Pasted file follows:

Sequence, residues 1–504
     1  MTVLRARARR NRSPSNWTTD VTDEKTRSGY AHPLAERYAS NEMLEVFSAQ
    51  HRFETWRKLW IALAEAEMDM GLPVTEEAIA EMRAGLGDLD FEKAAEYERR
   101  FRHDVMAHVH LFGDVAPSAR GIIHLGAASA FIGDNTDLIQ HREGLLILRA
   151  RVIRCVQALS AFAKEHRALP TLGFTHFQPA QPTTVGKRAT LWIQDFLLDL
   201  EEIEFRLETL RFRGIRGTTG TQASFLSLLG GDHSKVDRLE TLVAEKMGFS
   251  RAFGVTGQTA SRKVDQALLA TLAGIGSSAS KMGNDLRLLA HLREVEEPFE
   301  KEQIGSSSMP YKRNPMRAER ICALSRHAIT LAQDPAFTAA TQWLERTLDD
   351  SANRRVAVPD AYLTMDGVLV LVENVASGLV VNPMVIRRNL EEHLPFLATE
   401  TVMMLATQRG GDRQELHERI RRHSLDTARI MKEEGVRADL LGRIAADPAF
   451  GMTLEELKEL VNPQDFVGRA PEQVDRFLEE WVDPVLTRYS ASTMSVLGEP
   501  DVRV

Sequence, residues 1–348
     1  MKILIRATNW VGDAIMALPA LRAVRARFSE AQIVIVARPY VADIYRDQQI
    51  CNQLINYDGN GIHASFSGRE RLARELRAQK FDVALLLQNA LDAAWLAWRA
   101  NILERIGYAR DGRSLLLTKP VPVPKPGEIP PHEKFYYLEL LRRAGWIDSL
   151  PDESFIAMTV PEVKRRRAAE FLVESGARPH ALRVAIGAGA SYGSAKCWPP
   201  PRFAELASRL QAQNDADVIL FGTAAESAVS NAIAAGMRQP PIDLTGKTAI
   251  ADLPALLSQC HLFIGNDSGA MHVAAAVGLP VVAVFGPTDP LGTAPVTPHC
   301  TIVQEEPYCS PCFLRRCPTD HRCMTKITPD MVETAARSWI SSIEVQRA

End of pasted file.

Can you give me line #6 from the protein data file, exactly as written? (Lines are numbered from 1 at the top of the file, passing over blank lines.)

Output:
   201  EEIEFRLETL RFRGIRGTTG TQASFLSLLG GDHSKVDRLE TLVAEKMGFS